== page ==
Diane Sanfilippo: Right.

Dr. Terry Wahls: And that’s way too long.

Diane Sanfilippo: And I think one of the things that your approach really challenges; well two things that it challenges in the standard medical community are number one, that it’s not just about which prescription somebody might need; and number two, I think there’s an underlying, and hopefully it’s shifting, but I think there’s an underlying mindset of medical professionals that people won’t do the work; so if it’s at all hard. Like you’re saying; it’s simple but it’s not always easy to implement, it does take work. And I think there’s an assumption that people aren’t willing to do the work; and I think we are seeing they are. I literally have thousands of people who tell me every day about what they’ve done to change their own lives; and they’re thanking me, and I’m saying, “you did the work!” you know. {laughs} That is the hard work, is actually making those diet and lifestyle changes; especially around friends and family who may not be on board, or whatever the case may be. So, I think those two assumptions we have to push those aside and say; well this is still the truth, regardless of the assumptions you might want to make.

Dr. Terry Wahls: It’s still the truth. Wherever society is on that curve, like the tipping point. We certainly are moving further along with more early adaptors. We haven’t gotten all the way to the tipping point yet; but certainly in my time in this community, I’ve seen much greater acceptance in the public, and much greater acceptance; much, much greater acceptance, in the medical community.

Diane Sanfilippo: Yeah.

Dr. Terry Wahls: So we’re certainly moving along in that early adaptor curve. So the work is getting easier.

Diane Sanfilippo: Yeah, and just kind of my last thought on it; the more there are folks for whom the medications aren’t doing everything, or aren’t the answer; and the more folks we have who are taking this approach and are showing their doctors, “this is helping me,” then we continue to push that whole movement forward; the epidemic of health, as you call it. We push all of that forward with both of those things, you know. It’s the decrease of the medications actually doing beneficial for anybody, and also the increase of people who; it’s kind of happening at the same time; right. People aren’t getting the benefit, and they’re also willing to try something because they’re at their wits end, because I can’t feel this badly anymore. I need to do something different.

Dr. Terry Wahls: Well the other thing that is beginning to happen, as people’s access to health care and their prescription drugs change; and now they’re looking at, “Oh my god, I’m going to have pay all this money for these prescription drugs,” it becomes a little more attractive to rethink that hard, although simple, diet and lifestyle message that I’m putting out there.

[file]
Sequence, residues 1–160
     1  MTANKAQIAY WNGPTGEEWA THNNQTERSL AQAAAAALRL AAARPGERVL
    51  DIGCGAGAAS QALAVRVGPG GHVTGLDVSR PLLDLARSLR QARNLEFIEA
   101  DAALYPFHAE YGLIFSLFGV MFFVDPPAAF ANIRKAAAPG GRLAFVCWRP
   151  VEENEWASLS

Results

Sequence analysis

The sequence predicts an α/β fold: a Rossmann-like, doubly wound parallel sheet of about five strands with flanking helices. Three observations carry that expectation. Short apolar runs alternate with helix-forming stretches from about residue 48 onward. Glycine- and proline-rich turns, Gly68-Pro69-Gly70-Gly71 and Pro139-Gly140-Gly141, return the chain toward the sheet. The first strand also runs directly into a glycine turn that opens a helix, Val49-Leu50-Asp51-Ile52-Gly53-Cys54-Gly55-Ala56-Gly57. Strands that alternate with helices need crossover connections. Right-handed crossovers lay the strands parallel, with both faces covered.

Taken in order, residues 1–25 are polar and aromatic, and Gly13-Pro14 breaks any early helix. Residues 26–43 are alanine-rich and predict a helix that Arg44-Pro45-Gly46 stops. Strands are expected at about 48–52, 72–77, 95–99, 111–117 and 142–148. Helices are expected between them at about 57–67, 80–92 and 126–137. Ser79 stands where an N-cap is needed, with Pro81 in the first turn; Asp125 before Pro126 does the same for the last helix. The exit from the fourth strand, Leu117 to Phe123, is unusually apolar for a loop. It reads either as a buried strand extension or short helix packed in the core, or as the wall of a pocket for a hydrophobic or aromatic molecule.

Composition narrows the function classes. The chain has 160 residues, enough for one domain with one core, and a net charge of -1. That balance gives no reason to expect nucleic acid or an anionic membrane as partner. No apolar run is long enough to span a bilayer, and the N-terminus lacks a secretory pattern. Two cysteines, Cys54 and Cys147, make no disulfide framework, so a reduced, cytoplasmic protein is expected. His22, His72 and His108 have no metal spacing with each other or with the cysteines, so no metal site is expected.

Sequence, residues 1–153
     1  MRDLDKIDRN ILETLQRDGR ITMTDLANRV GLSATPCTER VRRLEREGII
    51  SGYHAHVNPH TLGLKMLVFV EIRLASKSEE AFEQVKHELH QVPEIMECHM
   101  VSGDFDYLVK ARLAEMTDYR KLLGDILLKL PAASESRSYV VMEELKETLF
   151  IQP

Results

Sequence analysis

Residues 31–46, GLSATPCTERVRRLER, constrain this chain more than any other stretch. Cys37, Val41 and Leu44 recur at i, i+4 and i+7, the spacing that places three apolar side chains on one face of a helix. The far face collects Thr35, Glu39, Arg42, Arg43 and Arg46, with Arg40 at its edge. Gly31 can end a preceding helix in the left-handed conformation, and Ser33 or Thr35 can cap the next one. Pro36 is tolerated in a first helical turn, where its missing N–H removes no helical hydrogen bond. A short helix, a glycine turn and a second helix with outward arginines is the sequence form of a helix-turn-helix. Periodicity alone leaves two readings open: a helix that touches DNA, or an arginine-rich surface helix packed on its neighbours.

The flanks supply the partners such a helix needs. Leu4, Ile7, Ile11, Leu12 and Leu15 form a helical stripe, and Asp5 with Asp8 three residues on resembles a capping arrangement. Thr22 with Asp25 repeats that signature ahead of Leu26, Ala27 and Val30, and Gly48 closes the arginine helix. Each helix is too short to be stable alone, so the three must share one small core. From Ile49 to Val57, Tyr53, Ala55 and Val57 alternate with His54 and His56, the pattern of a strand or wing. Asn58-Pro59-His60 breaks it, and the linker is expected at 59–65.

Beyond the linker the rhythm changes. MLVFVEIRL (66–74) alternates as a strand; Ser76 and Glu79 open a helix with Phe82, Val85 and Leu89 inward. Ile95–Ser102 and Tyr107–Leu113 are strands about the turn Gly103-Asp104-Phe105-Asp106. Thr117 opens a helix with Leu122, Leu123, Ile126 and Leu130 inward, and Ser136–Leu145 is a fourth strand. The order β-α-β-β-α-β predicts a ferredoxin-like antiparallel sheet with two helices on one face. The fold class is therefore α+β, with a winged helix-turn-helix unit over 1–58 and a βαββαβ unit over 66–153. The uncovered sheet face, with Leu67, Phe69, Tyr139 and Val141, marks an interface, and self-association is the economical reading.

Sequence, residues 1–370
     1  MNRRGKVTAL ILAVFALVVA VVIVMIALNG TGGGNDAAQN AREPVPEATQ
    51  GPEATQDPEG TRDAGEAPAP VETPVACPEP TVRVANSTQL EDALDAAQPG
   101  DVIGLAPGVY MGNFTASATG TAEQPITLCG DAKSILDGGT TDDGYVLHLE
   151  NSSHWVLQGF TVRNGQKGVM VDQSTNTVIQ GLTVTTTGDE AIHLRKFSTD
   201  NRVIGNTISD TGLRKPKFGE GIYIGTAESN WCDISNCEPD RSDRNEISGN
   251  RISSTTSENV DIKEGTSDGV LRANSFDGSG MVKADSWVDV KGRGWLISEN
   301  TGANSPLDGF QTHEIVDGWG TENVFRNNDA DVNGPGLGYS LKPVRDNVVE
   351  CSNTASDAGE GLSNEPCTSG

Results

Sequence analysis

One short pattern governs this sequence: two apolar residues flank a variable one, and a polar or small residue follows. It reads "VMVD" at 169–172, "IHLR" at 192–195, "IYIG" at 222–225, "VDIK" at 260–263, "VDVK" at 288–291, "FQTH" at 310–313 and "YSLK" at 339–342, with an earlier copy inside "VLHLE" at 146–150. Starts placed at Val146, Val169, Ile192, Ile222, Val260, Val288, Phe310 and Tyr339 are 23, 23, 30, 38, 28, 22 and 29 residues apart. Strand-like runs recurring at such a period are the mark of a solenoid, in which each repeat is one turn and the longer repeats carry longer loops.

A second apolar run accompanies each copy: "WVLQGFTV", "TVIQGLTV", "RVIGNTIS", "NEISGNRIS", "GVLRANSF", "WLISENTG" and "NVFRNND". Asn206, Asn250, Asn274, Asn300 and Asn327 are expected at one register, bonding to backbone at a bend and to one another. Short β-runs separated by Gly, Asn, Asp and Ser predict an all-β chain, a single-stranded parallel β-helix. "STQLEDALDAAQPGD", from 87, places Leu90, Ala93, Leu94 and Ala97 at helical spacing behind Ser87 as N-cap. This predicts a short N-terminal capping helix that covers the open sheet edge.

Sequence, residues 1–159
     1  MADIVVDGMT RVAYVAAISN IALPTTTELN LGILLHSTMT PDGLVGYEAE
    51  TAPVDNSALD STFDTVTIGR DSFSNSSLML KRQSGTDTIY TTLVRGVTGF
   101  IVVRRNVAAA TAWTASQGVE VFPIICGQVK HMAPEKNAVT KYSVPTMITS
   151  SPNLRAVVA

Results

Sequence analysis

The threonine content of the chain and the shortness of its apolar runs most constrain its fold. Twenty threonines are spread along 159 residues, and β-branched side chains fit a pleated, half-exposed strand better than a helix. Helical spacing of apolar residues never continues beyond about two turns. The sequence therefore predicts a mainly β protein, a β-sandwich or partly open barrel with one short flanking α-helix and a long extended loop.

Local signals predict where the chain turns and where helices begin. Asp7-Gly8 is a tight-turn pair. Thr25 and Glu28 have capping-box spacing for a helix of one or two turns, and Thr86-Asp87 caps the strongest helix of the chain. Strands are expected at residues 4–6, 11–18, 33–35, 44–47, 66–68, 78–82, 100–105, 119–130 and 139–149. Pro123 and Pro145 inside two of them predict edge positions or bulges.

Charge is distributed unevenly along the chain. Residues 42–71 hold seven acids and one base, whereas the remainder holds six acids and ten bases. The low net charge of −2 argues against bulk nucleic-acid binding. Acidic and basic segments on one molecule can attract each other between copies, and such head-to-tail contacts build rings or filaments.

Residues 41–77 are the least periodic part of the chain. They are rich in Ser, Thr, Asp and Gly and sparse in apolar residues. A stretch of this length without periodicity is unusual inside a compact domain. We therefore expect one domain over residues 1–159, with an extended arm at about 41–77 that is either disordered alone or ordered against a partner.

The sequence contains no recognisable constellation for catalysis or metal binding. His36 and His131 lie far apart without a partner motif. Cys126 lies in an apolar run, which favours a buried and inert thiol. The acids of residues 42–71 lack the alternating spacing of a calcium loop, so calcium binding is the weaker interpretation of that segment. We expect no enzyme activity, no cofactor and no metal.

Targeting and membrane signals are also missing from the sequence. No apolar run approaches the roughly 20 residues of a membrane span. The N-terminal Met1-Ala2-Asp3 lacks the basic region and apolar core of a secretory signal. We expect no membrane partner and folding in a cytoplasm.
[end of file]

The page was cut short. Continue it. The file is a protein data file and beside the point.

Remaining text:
Diane Sanfilippo: Yeah.

Dr. Terry Wahls: So, the whole environment around health care is changing; and I think that is making it more attractive to think through. Maybe I do need to revisit diet and lifestyle with my patients, and be more forthright that yes, these drugs are incredibly expensive, you can’t really afford them; you need to spend your money instead on addressing your diet and lifestyle issues.

5. How the Wahls Protocol works [14:20]

Diane Sanfilippo: So I think that our listeners know that their stories; whether this is something that they’ve dealt with, or friends and family; all of the stories that people have are at the top of the list of what will help encourage others to do this. Which, I mean; again you’re the number one testimony to that with your TED talk; sharing your story is what continues to encourage people to share their story about this. But let’s get into some nitty gritty stuff.

What is really happening? Why is it that your protocol is working for people? What’s going on in the body that’s helping this protocol; what are the mechanisms behind it that are igniting that change?

Dr. Terry Wahls: Oh, sure. So I’m going to sort of walk you through my evolution of how I think all this happens at the cellular level. When I first designed the protocol, it was all about the micronutrients that I knew our mitochondria and brain cells needed. I was thinking about the work of Bruce Ames, where he talks about triage theory; that we’ll use our limited micronutrients to stay alive acutely, and we’ll not use them for the long-term things that we might need, which has to do with brain health and blood vessel health. So we’ll more likely have chronic disease and early dementia; but we won’t diet from bleeding to death in terms of our vitamin K stores, for example.

So that was all about micronutrient repair. Then as we began to understand; when we seek one’s DNA and realize that we only have 25,000 genes, that really it’s the complicated interaction with the genes we have and a lifetime of diet and lifestyle choices that are turning genes on and off. So I began to realize; well, wait a minute. Maybe another big factor is that the diet and lifestyle things I did were turning my genes on; the health promoting ones, and turning off the disease promoting ones. So I had two big reasons.

And then we began to realize how important poop is; that we have 20,000 genes ourselves; 25,000 genes. We also have 9 million genes from the bacteria, viruses, and yeast that live in our gut; that help us run the metabolic activity of our brains and our bodies and ourselves. So now my thought is; yes, it’s the micronutrients, yes it’s the gene expression; and yes, it’s all of the microbiome; the bacteria and yeast that are living in our bowels. And of course all of that was very important. And for each person, which one is the most important may vary. But when I’m teaching these concepts to our groups, I spend time talking about all three levels of the way the diet and lifestyle is talking to me and my cells, and letting my cells begin to repair my body.